The Walls Come Tumbling Down | Jackson Free Press | Jackson, MS

The Walls Come Tumbling Down

When marriage equality became the law of the land the morning of June 26, I kissed my husband and went right back to work. Earlier in the year, I'd vowed not to be at the salon when the news came, but there's no way of predicting when the U.S. Supreme Court will hand down a decision. So, just as it was two years before when the Defense of Marriage Act and Proposition 8 were struck down, I was standing side-by-side with Justin, slinging hair and hugging supporters.

As soon as I finished my last client, I rushed downtown, threw on a Mississippi Pride T-shirt and helped finish setting up for our Pride weekend at the Mississippi Museum of Art. We, of course, had no way of knowing the landmark same-sex marriage decision would happen that Friday, but it was perfect timing.

As the crowd grew, Knol Aust, Duane Smith, Jenni Smith, Robbie Fisher and I watched with our own sense of pride. We'd pulled it off, but there was no time to celebrate. Instead, we rolled up our sleeves and kept the Pride events happening throughout the weekend.

On the following Monday, still hungover from the Big Rainbow Brunch at Julep and the Pride Wrap Party at JC's, I made a pot of coffee and started reading the posts on social media and various news outlets. It wasn't long before the news broke that the stay on CSE v. Bryant (the Mississippi same-sex marriage case) had been lifted, and I watched tearfully as Knol and Duane were granted a license and married, which was captured in a series of photos shared on Facebook. I couldn't help thinking back to a Sunday afternoon at La Cazuela filled with frozen margaritas and conversation full of hope for the future of marriage equality in our country and our state. Knol and Duane, through their tireless efforts with Unity Mississippi, have inspired many to expect more from Mississippi and to speak out, myself included.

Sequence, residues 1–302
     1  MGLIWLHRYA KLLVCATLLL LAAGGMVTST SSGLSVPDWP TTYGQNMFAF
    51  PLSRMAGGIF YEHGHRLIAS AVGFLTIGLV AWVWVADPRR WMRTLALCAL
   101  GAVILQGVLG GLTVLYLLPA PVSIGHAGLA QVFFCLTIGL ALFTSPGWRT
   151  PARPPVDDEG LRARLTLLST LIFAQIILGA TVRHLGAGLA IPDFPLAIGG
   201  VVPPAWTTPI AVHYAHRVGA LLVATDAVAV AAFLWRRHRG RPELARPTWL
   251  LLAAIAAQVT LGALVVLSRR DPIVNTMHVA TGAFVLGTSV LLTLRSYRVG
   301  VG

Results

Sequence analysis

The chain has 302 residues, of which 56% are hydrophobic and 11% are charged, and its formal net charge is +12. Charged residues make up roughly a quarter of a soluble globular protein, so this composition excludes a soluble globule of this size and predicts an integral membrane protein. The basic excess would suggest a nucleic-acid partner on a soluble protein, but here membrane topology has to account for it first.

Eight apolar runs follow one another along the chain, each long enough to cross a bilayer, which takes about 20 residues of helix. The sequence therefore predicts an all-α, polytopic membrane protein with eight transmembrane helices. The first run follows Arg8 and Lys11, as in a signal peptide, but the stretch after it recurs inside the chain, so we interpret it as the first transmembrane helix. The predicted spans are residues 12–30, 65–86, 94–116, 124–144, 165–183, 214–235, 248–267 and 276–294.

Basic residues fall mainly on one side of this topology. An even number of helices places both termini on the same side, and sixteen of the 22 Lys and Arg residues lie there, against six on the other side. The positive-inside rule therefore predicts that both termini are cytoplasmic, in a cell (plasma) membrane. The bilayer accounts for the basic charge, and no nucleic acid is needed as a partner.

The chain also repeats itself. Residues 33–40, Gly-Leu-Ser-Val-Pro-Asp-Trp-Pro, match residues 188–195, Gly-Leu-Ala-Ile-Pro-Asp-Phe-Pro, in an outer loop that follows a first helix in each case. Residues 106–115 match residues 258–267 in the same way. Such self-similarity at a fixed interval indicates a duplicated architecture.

I watched with pride as so many couples married throughout the state over the next few days. Each picture of them holding their newly issued licenses brought a tear to my eye. I recalled how wonderful it felt to hold mine when Justin and I married almost two years ago in California. Our marriage is now recognized here in Mississippi, and I didn't have to lift a finger.

The following Wednesday night, as I was packing for a short cruise to Cozumel out of New Orleans, the news broke that the Episcopal Church had voted to perform same-sex marriages. I knew the church had been laying the groundwork for marriage equality, but I didn't expect it to happen so soon after the SCOTUS decision.

My mind wandered back to a time many years ago when I had a church to call home, a congregation to call family, and it occurred to me that Justin and I might finally be able to find a new church family, that we might not be just welcomed, but affirmed as a married couple. I'm not ashamed to tell you that I cried myself to sleep that night thinking that if one of our lives is cut short, the other would have the support of a loving congregation.

The next day, we boarded Carnival's Elation to celebrate our dear friend Whitney's birthday. For the next three days, it was nothing but sunshine, fruity drinks and all the frozen yogurt I could shovel into my face. We ended the first day in the casino bar listening to a band cover classic R&B hits. Couples of all ages packed the dance floor as we sang along from our bar stools. Justin, grinning from ear to ear, turned to me and said, "In 50 years, nobody will think anything of a gay couple dancing out there."

On the last evening, we landed back in the bar, and the band was covering '80s hits. It was a raucous return to my teen years as we belted out one hit after another. When the band started playing a Tears for Fears classic, "Everybody Wants To Rule The World," I turned to Justin and took his hand. "Dance with me," I pleaded. We walked onto the empty dance floor, embraced each other and began to sway in circles, while everyone looked on. It felt like we had dared to climb the ladder, then stepped carefully to the edge and, taking a deep breath, jumped feet first from the high-dive for the first time at summer camp. As we hugged, my heart was in my throat, and tears filled my eyes, and we just laughed and swayed as the band sang: "Holding hands while the walls come tumbling down / When they do, I'll be right behind you."

The next morning, we stepped off the boat and back into the real world once more. Now, it's a world where I stand back-to-back with my husband and sling hair, hug supporters and, hopefully, dance every time we get the chance.

Eddie Outlaw is the co-owner of the William Wallace Salon in Fondren and spends most of his time trying not to embarrass his sweet Delta mother on

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